Monday, March 09, 2009


When it comes to assessing the likelihood of terrorists striking our country's food supply, exaggeration and hyperbole have always ruled the day. For a graphic example of what the discussion has typically been like, consider this post describing one famously awful and embarrassing US government-sponsored food security industry get-together on the topic a couple years ago.

So it comes as a bit of surprise when one sees something realistic, an assessment not larded down with goofball intelligence-insulting PowerPoint slides designed to bash the audience over the head with tales of approaching doom. Sadly, it's not a surprise to see that it comes from overseas, where others may not be so influenced by the rotted and broken quality of American threat assessment.

And that brings us to G. R. Dalziel's "Food Defense Incidents: 1950-2008: A Chronology and Analysis of Incidents Involving the Malicious Contamination of the Food Supply Chain." Presented by the Centre for Excellence in National Security at Nanyang Tech in Singapore, it is here.

As a tabulation of incidents of poisoning around the world, it is packed with interestingly monstrous vignettes on the blackmailing, revenge-minded and psychotic poisoner's of the world (and the wanna-be's). The reader learns "Ana Luyong sold cassava fritters laced with insecticide to a group of schoolchildren in SE Philippines. Initially denying it, she said that the type of cassava used has a particularly high level of naturally occurring cyanide, but tests found Coumaphos, [an] organophosphate insecticide on frying pans and cooking oil." Twenty-eight died and 130 were injured in 2005.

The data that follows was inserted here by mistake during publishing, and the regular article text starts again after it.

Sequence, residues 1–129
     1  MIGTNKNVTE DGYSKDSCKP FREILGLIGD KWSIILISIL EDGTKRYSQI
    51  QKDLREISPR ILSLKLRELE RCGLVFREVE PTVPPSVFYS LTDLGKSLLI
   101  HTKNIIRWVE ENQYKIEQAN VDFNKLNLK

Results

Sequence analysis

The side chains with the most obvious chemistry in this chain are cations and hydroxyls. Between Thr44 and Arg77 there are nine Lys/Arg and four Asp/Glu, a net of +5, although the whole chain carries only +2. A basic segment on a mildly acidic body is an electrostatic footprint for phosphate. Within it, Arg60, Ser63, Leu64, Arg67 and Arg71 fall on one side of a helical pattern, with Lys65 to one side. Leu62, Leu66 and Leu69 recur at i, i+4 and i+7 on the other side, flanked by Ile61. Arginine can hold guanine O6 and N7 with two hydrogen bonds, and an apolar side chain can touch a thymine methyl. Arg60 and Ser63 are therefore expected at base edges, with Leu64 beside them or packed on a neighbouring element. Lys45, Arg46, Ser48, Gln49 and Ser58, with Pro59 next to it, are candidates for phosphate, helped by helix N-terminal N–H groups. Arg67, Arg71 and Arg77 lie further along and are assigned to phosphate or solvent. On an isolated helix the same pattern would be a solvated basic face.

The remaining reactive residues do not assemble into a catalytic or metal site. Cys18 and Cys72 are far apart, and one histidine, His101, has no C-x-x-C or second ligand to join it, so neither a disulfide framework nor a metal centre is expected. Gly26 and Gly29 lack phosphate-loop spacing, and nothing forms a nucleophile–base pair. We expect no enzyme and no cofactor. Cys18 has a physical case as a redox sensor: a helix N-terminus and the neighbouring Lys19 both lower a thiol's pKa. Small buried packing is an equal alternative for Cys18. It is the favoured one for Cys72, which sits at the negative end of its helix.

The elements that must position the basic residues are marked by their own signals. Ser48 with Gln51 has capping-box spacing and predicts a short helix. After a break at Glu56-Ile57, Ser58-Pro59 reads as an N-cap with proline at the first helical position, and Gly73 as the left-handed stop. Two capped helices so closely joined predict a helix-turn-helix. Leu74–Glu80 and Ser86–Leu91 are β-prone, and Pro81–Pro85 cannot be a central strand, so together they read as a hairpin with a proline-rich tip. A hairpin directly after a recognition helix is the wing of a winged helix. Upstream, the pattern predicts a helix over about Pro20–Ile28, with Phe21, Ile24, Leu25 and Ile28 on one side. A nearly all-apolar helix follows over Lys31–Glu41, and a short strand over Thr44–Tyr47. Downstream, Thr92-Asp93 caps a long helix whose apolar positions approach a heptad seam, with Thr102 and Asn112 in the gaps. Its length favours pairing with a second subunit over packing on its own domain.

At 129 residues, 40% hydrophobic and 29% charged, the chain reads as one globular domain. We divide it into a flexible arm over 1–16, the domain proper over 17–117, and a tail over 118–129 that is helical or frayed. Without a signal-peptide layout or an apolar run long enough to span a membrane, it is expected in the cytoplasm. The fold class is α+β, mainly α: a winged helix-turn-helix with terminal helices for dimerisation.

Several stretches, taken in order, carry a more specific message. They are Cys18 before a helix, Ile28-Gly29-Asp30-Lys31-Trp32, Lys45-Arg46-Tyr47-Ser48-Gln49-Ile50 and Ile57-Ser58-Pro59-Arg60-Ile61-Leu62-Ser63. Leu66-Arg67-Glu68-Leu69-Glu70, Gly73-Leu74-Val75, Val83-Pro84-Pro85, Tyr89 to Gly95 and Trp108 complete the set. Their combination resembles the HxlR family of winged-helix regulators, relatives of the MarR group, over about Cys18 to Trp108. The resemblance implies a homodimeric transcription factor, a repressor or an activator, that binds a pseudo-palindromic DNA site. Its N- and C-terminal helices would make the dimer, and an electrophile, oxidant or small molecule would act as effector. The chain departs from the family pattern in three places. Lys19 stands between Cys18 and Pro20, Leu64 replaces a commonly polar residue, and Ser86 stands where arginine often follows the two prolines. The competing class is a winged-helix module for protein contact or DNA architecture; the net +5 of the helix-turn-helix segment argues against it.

"In 2005, glass and needles were found in at least five loaves of Kingsmill brand bread loaves, apparently contaminated in the factory, in the United Kingdom."

Happily, the monograph devotes no time to one of our favorite national security hobbies, predicting what would be easy for terrorists.

"In the United States, food borne illnesses resulting from food safety breakdowns are estimated to kill 5,000 and hospitalize 300,000 every year," it reads near the end. "The World Health Organization estimates that food and waterborne diarrhoeal diseases ... kill approximately 1.8 million people annually ... This is in contrast to the 391 fatalities 4,355 injuries since 1950 from malicious food contamination ...

"Certainly an historical absence of evidence does not preclude suppositions that terrorists may intentionally contaminate the food supply ... What it does tell us is 'that undertaking a major attack on the food chain is much more difficult than at first it may be believed.'"

And your host even makes an appearance with a pithy quote on page 7.


The Annals of Eat S--- And Die

No Solution is the Solution

Looking the other way on food and drug contamination -- as a national practice.

Feigning interest in fixing food protection


Post a Comment

<< Home